An Autobiography Book Summary - An Autobiography Book explained in key points
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An Autobiography summary

M. K. Gandhi

The Story of My Experiments with Truth

4.3 (69 ratings)
29 mins
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    An Autobiography
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    Born into the merchant caste in Porbandar, India, Gandhi was wed in a child marriage at age 13.

    If you’re familiar with world history and how nations become independent, you know that the process can often be a violent affair. Yet India was able to gain its independence from Britain, and this remarkable feat has a lot to do with the nonviolent beliefs of Mohandas Karamchand Gandhi, the man who led that fight for independence.

    As an adult, Gandhi’s beliefs, practices and accomplishments changed the world, but his upbringing was quite humble.

    Gandhi was born in India on October 2, 1869, the youngest child of Karamchand Gandhi, his father, and Putlibai, his mother. His family belonged to the Modh Bania, a class of Hindu merchants, and lived in the harbor town of Porbandar, on the Kathiawar peninsula, in the western state of Gujarat.

    Gandhi’s father was commonly known by the nickname “Kaba,” and he worked as a diwan, or chief minister, of two other Gujarati cities, Vankaner and Rajkot, where Gandhi spent much of his childhood. Kaba didn’t have any formal education, but he did have plenty of life experience, as well as an honest and incorruptible value system that proved to be quite influential with his son.

    Gandhi’s mother, Putlibai, also left a lasting impression, thanks to her devotion to Hinduism and determination to stay well-informed on current affairs. Gandhi was also raised to be tolerant and inclusive toward others, as the family’s friends were numerous and diverse, and included Muslims, Jains and Parsis.

    In school, Gandhi was an average student at best, but he did display an early talent for understanding morality.

    In particular, he admired the honorable characters from the plays that were read in class, such as Shravana Pitribhakti Nataka. In this enduring folktale, the protagonist’s devotion to his blind parents is so strong that he carries them on his shoulders.

    Gandhi also adopted an important guiding principle early on in life in the form of a saying passed down from the Gujarati community – if one receives evil from a person, one should respond with goodness.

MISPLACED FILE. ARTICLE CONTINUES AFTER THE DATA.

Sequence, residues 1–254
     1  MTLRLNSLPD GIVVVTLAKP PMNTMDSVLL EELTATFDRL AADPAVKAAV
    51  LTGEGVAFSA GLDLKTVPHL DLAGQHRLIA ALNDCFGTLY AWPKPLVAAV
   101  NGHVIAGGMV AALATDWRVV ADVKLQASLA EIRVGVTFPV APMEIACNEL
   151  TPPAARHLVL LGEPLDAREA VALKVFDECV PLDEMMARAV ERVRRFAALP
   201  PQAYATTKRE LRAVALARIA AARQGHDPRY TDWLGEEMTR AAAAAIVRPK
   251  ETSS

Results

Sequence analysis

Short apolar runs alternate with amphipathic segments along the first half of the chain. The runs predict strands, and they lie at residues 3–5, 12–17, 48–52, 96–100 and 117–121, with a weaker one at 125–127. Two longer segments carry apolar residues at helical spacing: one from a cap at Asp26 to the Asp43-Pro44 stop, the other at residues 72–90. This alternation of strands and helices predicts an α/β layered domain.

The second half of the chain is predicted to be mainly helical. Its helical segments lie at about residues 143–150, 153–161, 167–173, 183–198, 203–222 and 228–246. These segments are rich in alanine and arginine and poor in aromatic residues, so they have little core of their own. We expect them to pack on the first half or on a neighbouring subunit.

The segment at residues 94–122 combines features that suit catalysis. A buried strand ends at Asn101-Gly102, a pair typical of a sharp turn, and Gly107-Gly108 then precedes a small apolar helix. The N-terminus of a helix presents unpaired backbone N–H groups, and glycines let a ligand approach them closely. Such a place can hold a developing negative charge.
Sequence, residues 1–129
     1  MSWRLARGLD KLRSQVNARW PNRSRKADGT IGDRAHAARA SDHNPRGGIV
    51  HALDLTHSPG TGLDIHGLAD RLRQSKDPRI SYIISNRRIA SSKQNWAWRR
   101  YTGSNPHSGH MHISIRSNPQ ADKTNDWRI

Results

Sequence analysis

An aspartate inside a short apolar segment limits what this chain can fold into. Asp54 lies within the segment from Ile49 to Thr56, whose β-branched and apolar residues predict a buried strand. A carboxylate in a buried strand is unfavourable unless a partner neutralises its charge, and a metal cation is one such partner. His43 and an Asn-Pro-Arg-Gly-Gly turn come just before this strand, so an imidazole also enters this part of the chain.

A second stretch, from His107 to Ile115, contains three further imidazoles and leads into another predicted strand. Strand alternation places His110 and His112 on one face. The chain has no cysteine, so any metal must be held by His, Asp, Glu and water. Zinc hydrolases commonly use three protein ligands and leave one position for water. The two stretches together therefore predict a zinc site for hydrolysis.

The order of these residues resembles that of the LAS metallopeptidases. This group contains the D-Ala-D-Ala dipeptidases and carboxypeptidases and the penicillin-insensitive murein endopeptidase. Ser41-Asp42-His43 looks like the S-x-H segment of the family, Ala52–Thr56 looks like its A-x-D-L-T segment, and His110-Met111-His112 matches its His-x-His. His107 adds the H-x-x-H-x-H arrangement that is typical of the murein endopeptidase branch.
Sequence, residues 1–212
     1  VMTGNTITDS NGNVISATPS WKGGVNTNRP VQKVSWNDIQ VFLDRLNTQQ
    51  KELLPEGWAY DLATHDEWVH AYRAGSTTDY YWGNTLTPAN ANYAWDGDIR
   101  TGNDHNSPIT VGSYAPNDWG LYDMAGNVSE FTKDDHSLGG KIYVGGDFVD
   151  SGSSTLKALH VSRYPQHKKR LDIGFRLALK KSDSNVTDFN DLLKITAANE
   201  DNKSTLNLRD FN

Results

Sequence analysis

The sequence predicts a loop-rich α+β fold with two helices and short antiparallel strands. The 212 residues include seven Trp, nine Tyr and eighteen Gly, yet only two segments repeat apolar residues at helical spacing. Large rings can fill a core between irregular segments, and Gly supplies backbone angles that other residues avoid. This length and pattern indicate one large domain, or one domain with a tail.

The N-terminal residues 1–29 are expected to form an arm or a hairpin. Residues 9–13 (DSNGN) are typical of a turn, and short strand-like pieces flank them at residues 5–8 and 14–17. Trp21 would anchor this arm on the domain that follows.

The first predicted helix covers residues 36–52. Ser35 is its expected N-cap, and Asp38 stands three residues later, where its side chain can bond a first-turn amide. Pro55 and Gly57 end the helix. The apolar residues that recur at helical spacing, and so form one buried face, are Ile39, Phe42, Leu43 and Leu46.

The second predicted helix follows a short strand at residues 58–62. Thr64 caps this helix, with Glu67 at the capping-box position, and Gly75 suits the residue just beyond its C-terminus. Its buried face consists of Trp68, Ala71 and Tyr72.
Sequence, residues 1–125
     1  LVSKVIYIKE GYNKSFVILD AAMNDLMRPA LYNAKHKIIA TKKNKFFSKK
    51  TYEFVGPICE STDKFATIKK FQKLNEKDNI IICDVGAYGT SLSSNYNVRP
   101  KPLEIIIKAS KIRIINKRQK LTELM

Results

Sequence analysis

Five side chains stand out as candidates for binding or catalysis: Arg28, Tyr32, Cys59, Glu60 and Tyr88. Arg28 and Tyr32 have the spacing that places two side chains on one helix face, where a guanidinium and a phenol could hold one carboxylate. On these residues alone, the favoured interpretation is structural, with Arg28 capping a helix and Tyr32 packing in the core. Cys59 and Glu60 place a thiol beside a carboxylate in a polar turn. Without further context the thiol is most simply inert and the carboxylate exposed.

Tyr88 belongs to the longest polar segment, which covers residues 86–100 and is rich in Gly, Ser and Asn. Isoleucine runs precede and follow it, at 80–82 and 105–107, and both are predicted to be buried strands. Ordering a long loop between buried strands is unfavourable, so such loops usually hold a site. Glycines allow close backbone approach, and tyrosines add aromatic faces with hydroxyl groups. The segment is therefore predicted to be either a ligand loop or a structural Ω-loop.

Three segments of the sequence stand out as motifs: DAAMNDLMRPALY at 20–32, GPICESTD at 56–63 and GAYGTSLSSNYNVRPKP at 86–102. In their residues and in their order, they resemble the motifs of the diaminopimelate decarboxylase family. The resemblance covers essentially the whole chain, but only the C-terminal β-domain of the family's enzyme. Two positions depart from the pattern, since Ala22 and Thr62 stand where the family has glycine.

Certainly, Gandhi’s morality and sense of honor seem already to have been in place when his teacher tried to persuade him to copy his classmates’ work during a spelling test that was being given by an inspector. Young Gandhi simply couldn’t understand what the teacher was asking of him.

    It was only a few years later, as a 13-year-old, that Gandhi would be wed. Since such wedding ceremonies were quite expensive, the event also included the marriages of one of his brothers and a cousin.

    At the time, Gandhi was quite excited about getting married, but as an adult, he was a vocal critic of the practice of child marriage.

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    What is An Autobiography about?

    An Autobiography (First published in two volumes; Volume 1, 1927, and Volume 2, 1929) is the autobiography of one of the world’s most famous political icons – Mohandas Karamchand Gandhi. The book traverses his rebellious childhood, his early activism in South Africa and his work for the Indian Independence Movement up until 1920, and gives insight into Gandhi’s personal philosophy and his lifelong quest for Truth.

    Best quote from An Autobiography

    But all my life though, the very insistence on truth has taught me to appreciate the beauty of compromise.

    —M. K. Gandhi
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    Who should read An Autobiography?

    • Anyone interested in Gandhi’s life and personal philosophy
    • Students of history and political science
    • People cultivating leadership skills

    About the Author

    Mohandas Karamchand Gandhi (Oct 2, 1869-Jan 30, 1948) was an early twentieth-century Indian activist. After working to improve Indian immigrant rights in South Africa, Gandhi returned to India in 1915 to lead the Indian Independence Movement against British rule with his unwavering belief in nonviolent protest until he was assassinated in 1948 during his evening prayers.

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